One thing we did is we made a notebook called "RunMe.nb". When you pull the git repo, you execute the RunMe.nb file and it moves everything into the right place. Here is an example (slightly modified with bogus directory names) to show you how it works. We have some unrelated bin files and some stylesheets that we wanted to move as well (we gave them names starting with "StyleSheet"). We also compiled some unrelated code but I cut out that section of the RunMe.nb file. Beware: We terminate the kernel at the end so it does not affect anything we are doing. Our workflow is we make sure MMA is closed, pull the repo, run the RunMe.nb and get to work! The nice thing with this file is it works on anyones machine so if you pull a fresh copy of the repo, everything installs properly. I am noticing now that we wrote the code for Macintosh computers, but A Mac and Windows compatible version would require a minor edit to the way we assemble the directory paths (like adding OperatingSystem option to FileNameJoin, etc.)

PrintTemporary["Getting files to copy..."];
ackFilePaths = 
  FileNames[{"*.bin", "*.m"}, 
   StringJoin[NotebookDirectory[], #] & /@
    {"", "myDir1", 
     "myDir2", "myFunctions1"}];
styleSheetFiles = 
  FileNames[{"Stylesheet*.nb"}, NotebookDirectory[] <> "myFunctions1"];
PrintTemporary["Copying files to $UserBaseDirectory..."];
    FileNameJoin[{$UserBaseDirectory, "Applications/" <> #2}], 
    OverwriteTarget -> True] &,
  {ackFilePaths, Map[FileNameTake[#] &, ackFilePaths]}];
      "SystemFiles/FrontEnd/StyleSheets/" <> #2}], 
    OverwriteTarget -> True] &, {styleSheetFiles, 
   Map[FileNameTake[#] &, styleSheetFiles]}];
PrintTemporary["Done"]; Pause[1];

Let me know if this is helpful.



POSTED BY: Neil Singer
Posted 7 months ago

@Neil Singer and @Rohit Namjoshi, thanks a lot for your replies.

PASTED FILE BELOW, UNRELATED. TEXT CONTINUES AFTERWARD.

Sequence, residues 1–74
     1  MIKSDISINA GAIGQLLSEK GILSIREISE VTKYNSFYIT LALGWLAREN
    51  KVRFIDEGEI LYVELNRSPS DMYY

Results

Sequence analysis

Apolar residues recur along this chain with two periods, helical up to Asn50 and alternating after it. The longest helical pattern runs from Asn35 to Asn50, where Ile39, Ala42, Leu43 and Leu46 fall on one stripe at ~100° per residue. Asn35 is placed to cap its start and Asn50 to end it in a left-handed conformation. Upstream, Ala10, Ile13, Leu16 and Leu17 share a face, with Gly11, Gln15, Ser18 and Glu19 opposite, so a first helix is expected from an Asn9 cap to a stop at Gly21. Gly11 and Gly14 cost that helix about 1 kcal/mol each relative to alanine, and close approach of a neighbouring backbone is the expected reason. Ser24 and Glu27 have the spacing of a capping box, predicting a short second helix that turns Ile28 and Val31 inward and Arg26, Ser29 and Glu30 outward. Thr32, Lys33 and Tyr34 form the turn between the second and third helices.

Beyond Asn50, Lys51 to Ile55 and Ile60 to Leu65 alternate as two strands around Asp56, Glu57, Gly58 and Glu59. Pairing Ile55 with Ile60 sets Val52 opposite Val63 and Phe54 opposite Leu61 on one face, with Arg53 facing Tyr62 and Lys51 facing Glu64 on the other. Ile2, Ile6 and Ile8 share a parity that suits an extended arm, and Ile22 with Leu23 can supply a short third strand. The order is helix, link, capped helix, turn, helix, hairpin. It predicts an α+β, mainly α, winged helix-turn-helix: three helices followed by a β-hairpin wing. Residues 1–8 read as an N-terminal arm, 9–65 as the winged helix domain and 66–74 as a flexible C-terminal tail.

I prefer writing right from the start a .wl file. I am not giving up the notebook interface, it is just that it would serve me as a useful, interactive tool to quickly develop/test/modify expressions.

Let's say that my "application" is the following (taken from a previous question I asked on SE):



  Plot3D[Sin[x y], {x, 0, 3}, {y, 0, 3}, ColorFunction -> color,
   ImageSize -> {480, 480}],
  {color, {"Rainbow", "NeonColors", "BlueGreenYellow"}}],
 WindowFloating -> True,
 WindowSize -> All,
 WindowTitle -> "Nice Plot",
 Saveable -> False];



Is it considered as a good programming practice?

Is there a real need for the new context deceleration (Begin["MyPrivate"]`), or it rather should be omitted?

POSTED BY: Ehud Behar
Posted 7 months ago

A package usually defines functions that can be evaluated to do something. The package above will create the palette when it is loaded - usually not desirable. Also, the package has no public symbols, everything is private and cannot be accessed external to the package. A better structure might be


(* plot3DPalette is exposed *)
plot3DPalette::usage = "Create a palette with a 3D plot";


(* Define any private symbols / functions that are needed *)

colors = {"Rainbow", "NeonColors", "BlueGreenYellow"};

plot3DPalette[size_List : {480, 480}] := 
    Plot3D[Sin[x y], {x, 0, 3}, {y, 0, 3}, ColorFunction -> color, 
     ImageSize -> size], {{color, colors[[1]], "Colors"}, colors}], 
   WindowFloating -> True, WindowSize->All, 
   WindowTitle -> "Nice Plot", Saveable -> False];





ColorsIn3DPlot`plot3DPalette[{200, 200}];
POSTED BY: Rohit Namjoshi